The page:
A trademark protects your logo, company phrase, or symbol from infringement by another company or brand.
When you apply for a trademark through the United States Patent and Trademark Office (USPTO), you’ll have to choose a specific trademark class to file under.
Each of the 45 different classes represent a distinct type of product or service, so you’ll want to make sure you register under the correct one.
In this article, we’ll talk about Trademark Class 16, which broadly protects any and all products made from paper.
Why Are There Different Trademark Classes?
By having different classes of trademarks, the USPTO allows for different companies to trademark the same company name or logo as long as they are filing under different classes.
For example, the company name “Choice” can refer to a waste management company or a chain of hotels.
The USPTO can approve both company’s trademarks because they operate in totally separate market spaces.
The whole point of trademark law is avoiding consumer confusion, so you’ll want to make sure you both (1) register your mark under the correct class, and (2) take care you don’t infringe on an already existing mark in the specific class.
Providing a Specimen for a Class 16 Product
As one final note before we get into Class 16, when you apply for a trademark the USPTO will ask you for a “specimen” of your mark.
This means that they want to see your mark the way that the public will see it on a product or along with a service.
To provide a specimen, you must design and print your mark to show. Your mark could be on a label, a stamp, or imprinted on a product itself.
If you can show the mark on an actual product, especially if that product has been marketed and sold already, you’re more likely to get approval for your trademark.
Trademark Class 16 Products
Trademark Class 16 has to do with all forms of paper goods. This includes paper, cardboard, books, and paper packaging materials.
Any and all book and book-related products are in Trademark Class 16.
This not only includes the paper parts of books, but also the adhesives and bindings for books, booklets, and book packaging (even if it’s cloth or plastic).
Here are some other book-related items in this category:
- Bookbinding cloth
In addition to the actual paper used to make art, many products which create designs on that paper can also fall under Class 16.
For example, paintbrushes, canvases, pencils and charcoal, and all pens and pencils are in this class as well.
Other art supplies in Class 16 include products such as:
- Embroidery designs
- Painting rollers
- Modeling clay, wax, and paste
- Marking chalk
- Paint trays, brushes, palettes, and easels
This class also includes most office supplies as well as office machinery.
Typewriters (and all typewriter parts), paper shredders, and other common office machines are all included in this category.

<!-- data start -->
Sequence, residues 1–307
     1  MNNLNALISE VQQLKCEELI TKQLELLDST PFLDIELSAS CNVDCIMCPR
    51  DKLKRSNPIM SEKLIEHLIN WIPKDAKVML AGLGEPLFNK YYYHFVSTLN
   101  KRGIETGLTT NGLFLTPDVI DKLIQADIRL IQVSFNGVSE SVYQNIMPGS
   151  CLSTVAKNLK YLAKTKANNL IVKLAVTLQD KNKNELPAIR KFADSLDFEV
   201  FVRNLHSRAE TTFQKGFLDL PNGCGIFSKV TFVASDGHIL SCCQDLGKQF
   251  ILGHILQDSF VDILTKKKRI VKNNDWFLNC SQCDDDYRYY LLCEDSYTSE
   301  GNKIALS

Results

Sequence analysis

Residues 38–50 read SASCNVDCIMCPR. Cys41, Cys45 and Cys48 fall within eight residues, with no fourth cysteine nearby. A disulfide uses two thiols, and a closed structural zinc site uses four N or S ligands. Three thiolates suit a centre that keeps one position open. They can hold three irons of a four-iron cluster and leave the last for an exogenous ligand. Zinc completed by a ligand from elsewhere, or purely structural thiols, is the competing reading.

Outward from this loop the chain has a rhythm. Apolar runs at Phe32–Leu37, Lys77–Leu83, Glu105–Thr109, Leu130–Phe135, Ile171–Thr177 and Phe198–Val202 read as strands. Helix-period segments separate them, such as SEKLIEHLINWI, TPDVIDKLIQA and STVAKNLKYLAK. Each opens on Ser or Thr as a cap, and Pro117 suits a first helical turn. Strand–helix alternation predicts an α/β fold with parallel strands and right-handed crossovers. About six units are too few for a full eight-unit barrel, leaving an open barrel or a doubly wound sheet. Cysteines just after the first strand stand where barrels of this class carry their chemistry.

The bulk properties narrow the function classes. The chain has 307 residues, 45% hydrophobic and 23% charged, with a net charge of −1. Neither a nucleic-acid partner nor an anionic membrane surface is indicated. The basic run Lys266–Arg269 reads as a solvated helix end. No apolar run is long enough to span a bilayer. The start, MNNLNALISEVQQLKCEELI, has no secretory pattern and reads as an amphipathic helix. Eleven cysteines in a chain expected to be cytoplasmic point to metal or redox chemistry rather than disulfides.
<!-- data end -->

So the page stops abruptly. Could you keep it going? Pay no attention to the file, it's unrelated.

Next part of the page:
Other office supplies in Class 16 include products such as:
- Paper clips
- Stamps and ink, including ink ribbons
- Stationary and envelopes
- Maps and atlases
- Any cardboard tubes
- Correcting fluid
Other Paper Items
Class 16 also includes items made from paper such as paper coasters, those little paper sleeves on cigars, and paper towels.
Almost all items made of paper are in this category. Some other examples include:
- Greeting cards
- The glossy paper for magazines
- Packaging and packing materials
- Coffee filters
- Paper plates and bowls
- Paper place mats
- Cardboard signs or placards
- Wrapping paper
Plastic and Rubber Items
Finally, Class 16 also covers certain rubber items which are related to paper.
This list included products such as rubber bands, rubber erasers, plastic bubble wrap, and plastic cling film for pallets.
Related Products Not Found in Class 16
There are several related products which fall under other trademark classes instead of Class 16.
Generally, this is simply because these products fit better with other types of items.
If you aren’t sure whether your product falls under Class 16 or a related class, consider a few of these closely related categories:
- Class 2: Paints – Paint supplies are in Class 16, but the paints themselves belong in Class 2.
- Class 8: Hand Tools – This class would include tools used by artists (not to be confused with art supplies.) Class 8 covers carving sets, chisels, and spatulas used in art and sculpture.
- Class 9: Computers and Scientific Devices – Office machines in Class 16 do not include computers. Computers are instead in Class 9.
- Class 35: Advertising and Business Services – While the materials that the placards and signs are made of are in Class 16, the advertisement that is placed upon them belongs in Class 35.
Trademark Class 16 has to do with paper, office, and art supplies. If it’s made of paper, it’s probably in Class 16.
Your product or service could include more than one class.
If so, you may file under multiple classes, but you will have to pay the filing fee for each class.
Be sure to get advice from an experienced trademark attorney before you apply for a trademark.
That way, you can be sure to file your trademark application under the correct class, thus avoiding the costs associated with a rejected application.